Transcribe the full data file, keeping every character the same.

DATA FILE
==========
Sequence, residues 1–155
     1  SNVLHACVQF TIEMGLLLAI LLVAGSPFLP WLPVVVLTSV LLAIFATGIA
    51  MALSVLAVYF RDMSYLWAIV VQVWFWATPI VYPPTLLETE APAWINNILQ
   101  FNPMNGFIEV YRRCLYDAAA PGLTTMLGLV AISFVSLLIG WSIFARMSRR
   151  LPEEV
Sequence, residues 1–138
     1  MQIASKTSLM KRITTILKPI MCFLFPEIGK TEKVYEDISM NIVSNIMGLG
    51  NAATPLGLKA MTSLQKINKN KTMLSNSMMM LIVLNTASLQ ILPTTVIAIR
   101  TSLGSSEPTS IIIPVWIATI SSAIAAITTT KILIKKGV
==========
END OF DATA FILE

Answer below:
Sequence, residues 1–155
     1  SNVLHACVQF TIEMGLLLAI LLVAGSPFLP WLPVVVLTSV LLAIFATGIA
    51  MALSVLAVYF RDMSYLWAIV VQVWFWATPI VYPPTLLETE APAWINNILQ
   101  FNPMNGFIEV YRRCLYDAAA PGLTTMLGLV AISFVSLLIG WSIFARMSRR
   151  LPEEV
Sequence, residues 1–138
     1  MQIASKTSLM KRITTILKPI MCFLFPEIGK TEKVYEDISM NIVSNIMGLG
    51  NAATPLGLKA MTSLQKINKN KTMLSNSMMM LIVLNTASLQ ILPTTVIAIR
   101  TSLGSSEPTS IIIPVWIATI SSAIAAITTT KILIKKGV